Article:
The 5 Most Common Mistakes ALL Pool Shooters Make

Happy New Year’s! I wish you all a healthy and happy coming year.

One of the nice things about teaching a lot of lessons is that I get to see a lot of students. Using a performance model rather than a commodity model, I expect to get better at what I do the more I do it, rather than wear out my skill set over time.

Common Mistakes Everyone Makes Shooting Pool

Alright everyone get in line, we’re all guilty of these 5 mistakes. Photography by Jake Stimpson

Hopefully I’m getting better at this pool thing! As my experience grows, I keep seeing the same recurring problems holding players back from being the best they can be. We have looked at some of these ideas before, but it is not a bad idea to revisit them at the beginning of the year.

1. Raising/Dropping Your Cue Stick

First is having a level stick. When you hit down on the cue ball even slightly, there is a force pushing the cue ball into the table, causing it to jump and curve, neither of which is good for accuracy. Here is a picture of me playing with a level stick.

Shooting Pool with a Level Cue Stick

Here is a picture of me playing with a level stick.

[READ: 3 Drills to Keep Your Cue Stick Level]

2. Staying on the Vertical Axis

Next is making sure you are hitting the cue ball on the vertical axis. This ensures that the cue ball will travel in the direction your cue stick is pointing. Any hit off the vertical axis causes the cue ball to squirt off the cue stick line, causing misses.

[READ: Keeping It Simple – Staying on the Vertical Axis]

3. Taking Your Eyes off the Object Ball

Excessive head movement caused by eyes darting around. Make sure that your eyes are focused on the object ball for at least one second before you pull the trigger and swing.

[READ: What to Look When You’re Playing Pool]

4. Jerking the Cue Stick

Jerking your stick back is another cause of a lot of misses. You want to pull your stick back slowly and slightly pause before you start your forward swing. This pause doesn’t have to be too long, but there has to be a transition between pulling your stick back and going forward.

[READ: Controlling Our Cue Stick]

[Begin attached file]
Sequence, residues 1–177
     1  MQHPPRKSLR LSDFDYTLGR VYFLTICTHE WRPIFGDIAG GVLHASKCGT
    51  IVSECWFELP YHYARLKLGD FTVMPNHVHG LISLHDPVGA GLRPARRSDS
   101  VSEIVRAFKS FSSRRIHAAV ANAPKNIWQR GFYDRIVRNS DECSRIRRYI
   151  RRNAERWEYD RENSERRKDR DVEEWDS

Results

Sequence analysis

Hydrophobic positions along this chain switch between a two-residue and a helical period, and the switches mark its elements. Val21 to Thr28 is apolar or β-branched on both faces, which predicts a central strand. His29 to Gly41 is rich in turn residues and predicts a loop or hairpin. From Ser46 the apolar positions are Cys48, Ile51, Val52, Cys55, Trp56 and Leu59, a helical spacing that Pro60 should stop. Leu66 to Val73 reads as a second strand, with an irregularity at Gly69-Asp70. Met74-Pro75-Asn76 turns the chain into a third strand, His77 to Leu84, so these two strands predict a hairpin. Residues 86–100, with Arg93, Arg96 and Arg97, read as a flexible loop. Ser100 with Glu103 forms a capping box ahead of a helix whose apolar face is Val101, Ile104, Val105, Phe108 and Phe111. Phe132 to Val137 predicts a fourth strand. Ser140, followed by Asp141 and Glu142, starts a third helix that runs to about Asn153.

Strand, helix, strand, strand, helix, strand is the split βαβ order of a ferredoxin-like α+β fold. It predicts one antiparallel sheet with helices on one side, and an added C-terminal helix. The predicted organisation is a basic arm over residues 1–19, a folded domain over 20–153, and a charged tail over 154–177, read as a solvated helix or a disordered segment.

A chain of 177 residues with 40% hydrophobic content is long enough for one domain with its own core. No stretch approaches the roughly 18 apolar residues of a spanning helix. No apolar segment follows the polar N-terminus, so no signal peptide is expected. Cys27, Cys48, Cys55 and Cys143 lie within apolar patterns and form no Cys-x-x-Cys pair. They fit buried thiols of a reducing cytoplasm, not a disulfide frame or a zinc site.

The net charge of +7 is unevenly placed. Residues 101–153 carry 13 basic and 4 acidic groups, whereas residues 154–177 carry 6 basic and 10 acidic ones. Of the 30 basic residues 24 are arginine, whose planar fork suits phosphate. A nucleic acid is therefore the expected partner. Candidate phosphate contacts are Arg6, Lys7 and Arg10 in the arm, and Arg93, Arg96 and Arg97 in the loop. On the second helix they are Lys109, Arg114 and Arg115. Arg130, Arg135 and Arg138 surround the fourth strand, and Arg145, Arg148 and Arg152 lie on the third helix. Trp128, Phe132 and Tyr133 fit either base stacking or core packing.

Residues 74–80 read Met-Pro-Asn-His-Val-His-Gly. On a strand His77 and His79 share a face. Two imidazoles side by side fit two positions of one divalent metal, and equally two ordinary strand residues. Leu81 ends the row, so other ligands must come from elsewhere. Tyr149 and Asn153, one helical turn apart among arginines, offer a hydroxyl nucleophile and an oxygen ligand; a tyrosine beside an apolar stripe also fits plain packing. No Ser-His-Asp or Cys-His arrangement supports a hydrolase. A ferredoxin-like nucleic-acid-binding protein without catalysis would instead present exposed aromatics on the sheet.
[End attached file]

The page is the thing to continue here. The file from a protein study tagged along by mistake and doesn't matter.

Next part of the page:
5. Not Controlling Your Swing

The final part of the swing I want to look at today is the part where you swing your stick forward. There are two things here that are important. First is to make sure you start your swing slowly, and not jerk the stick forward in any way. Next is to swing all the way through the cue ball and not hit it and tighten up. I like to imagine my grip hand swinging all the way to the object ball.

[READ: The Basics – Hitting Softly]

Incorporate these ideas into your pool game and I think you will like the results!

Have a great pool year and see you on the road.

Continue Your Pool Odyssey with BCA Instructor Mark Finkelstein:

  1. Getting Better at Pool – A Pool Odyssey I
  2. The Basics – Hitting Softly I A Pool Odyssey II
  3. Keeping It Simple – Stay on the Vertical Axis I A Pool Odyssey III
  4. 3 Drills to Keep Your Cue Stick Level I A Pool Odyssey IV
  5. How to Stand at the Table: 5 Steps to the Perfect Pool Stance V
  6. What Do We Look At? – A Pool Odyssey with Mark Finkelstein VI
  7. Controlling Our Cue Stick I BCA Instructor Mark Finkelstein VII

About the AuthorMark Finkelstein BCA Instructor
Mark Finkelstein is a professional pool player, a BCA Master instructor, an American Cue Sports (ACS) Level 4 instructor, and House Pro at Slate Billiards in New York. He is also a former UPA Touring Pro and has played on the Joss 9-Ball Tour. Mark is leading instructor and can be found at other sites like NYC Grind, Easy Pool Tutor, and Inside Pool Magazine. Mark has also authored a book with McNally Jackson aptly titled, Pool Ramblings.”